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Decrius

[C++] Occupy array at once

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I believed this was valid syntax, but it's not working the way I thought it should;

        const unsigned int digits = 3;
unsigned int result[digits] = { digits };

for (unsigned int i = 0; i < digits; i++)
{
printf("%u ", result);
}
std::cerr << "\n";


This outputs:
3 0 0
while I had hoped it would output
3 3 3


What is a good way to fill the whole array with one specific value (I guess memset isn't enough for classes which need to be constructed).

Second question, how can an array be filled in an initialiser list?

class A
{
public:
int array[5];

A() :
array({1})
{
for (unsigned int i = 0; i < 5; i++)
{
printf("%u ", array);
}
std::cerr << "\n";
}
};


This complains that it is implemented only in C++0x (warning). Is this true, or is that 'another feature'?

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unsigned int result[digits] = { digits,digits,digits };

would do it

better is

for(int i = 0; i < digits; i++)
{
myarray = digits;
}

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Quote:

This outputs:
3 0 0
while I had hoped it would output
3 3 3

When you omit elements from an array initialiser, the remainging elements are initialised to zero, or default constructed.

Quote:

What is a good way to fill the whole array with one specific value (I guess memset isn't enough for classes which need to be constructed).

A loop is the best way. For small values, the loop will be totally unrolled. For large values, you wouldn't want to unroll it anyway.

Quote:

Second question, how can an array be filled in an initialiser list?

Arrays cannot be initalised in initialiser list, no such syntax exists. You can wrap the array in a struct, which can be initialsed with a function call:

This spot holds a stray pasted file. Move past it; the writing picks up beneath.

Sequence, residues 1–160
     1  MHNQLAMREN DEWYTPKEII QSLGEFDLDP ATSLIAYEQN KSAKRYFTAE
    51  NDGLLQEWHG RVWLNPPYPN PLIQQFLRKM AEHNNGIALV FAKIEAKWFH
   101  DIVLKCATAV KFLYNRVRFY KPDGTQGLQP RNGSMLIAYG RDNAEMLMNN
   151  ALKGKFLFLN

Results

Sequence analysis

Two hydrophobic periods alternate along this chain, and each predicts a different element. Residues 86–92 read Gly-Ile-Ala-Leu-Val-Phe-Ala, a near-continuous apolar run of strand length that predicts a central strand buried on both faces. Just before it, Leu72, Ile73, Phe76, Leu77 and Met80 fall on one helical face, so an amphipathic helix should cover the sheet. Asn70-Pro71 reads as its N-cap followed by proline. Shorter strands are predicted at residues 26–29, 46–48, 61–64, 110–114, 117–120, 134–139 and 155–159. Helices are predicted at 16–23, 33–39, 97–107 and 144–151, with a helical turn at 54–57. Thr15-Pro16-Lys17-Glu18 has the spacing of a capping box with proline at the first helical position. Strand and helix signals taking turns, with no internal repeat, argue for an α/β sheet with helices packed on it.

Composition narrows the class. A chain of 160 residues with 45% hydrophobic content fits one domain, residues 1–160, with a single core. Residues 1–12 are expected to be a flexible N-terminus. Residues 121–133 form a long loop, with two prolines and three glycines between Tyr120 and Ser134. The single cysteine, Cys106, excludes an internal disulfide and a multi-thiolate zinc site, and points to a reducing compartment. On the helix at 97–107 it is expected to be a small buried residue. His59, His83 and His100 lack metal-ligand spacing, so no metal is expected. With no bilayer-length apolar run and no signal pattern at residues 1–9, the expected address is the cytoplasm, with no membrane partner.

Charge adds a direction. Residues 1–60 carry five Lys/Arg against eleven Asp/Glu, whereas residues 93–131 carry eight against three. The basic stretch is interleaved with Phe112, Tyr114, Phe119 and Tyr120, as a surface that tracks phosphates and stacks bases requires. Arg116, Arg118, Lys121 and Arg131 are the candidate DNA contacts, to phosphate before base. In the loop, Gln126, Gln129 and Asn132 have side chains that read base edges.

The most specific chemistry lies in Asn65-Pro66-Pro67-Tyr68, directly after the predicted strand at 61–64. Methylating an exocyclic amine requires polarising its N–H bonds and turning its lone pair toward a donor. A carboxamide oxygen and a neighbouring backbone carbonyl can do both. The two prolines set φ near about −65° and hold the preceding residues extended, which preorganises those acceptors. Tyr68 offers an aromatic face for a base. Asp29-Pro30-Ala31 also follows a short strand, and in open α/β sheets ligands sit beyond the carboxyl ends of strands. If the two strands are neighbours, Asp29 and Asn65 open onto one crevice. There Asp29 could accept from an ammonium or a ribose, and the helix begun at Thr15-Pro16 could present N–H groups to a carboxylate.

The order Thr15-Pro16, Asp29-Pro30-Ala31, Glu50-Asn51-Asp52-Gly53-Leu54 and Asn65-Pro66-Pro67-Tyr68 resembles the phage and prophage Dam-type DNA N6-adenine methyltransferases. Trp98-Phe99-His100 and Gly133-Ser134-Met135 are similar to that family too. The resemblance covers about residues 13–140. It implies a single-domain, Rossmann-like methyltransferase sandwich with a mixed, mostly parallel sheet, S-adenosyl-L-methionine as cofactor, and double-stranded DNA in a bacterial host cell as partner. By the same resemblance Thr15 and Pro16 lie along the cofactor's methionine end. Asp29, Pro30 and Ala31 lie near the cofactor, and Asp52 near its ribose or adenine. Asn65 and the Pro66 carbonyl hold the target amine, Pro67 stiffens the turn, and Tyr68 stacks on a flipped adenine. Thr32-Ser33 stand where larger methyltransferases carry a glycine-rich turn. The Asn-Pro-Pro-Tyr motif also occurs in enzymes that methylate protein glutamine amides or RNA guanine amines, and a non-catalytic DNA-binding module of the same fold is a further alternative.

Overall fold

struct Wrapper
{
int data[2];
};

Wrapper make_wrapper(int x, int y)
{
Wrapper result = { {x, y} };
return resilt;
}

class Example
{
public:
Example(int x, int y) : wrapper(make_wrapper(x, y))
{
}
private;
Wrapper wrapper;
}


Ultimately, this isn't much better and you might as well just do the work in the constructor. There is no especially elegant way to do this.

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If you provide fewer elements than the size of the array, the remaining elements are default-constructed. Since the value of a default-constructed unsigned integer is 0, the contents of your array ends up as 3 0 0.

The most straightforward way would probably just be to use std::fill:
std::fill(results, results + digits, digits);


As for your second question, I don't think you can. Your best bet would be to, again, use std::fill in your constructor.

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Thanks guys. I was under the impression that passing one value would make each element initialised by that value. Not sure where I read that or whether I remembered it wrong...

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You could use a vector:

const unsigned int digits = 3;
std::vector<unsigned int> result(digits, digits);

The first argument is the initial size of the vector, the second argument is the initial value of the elements.

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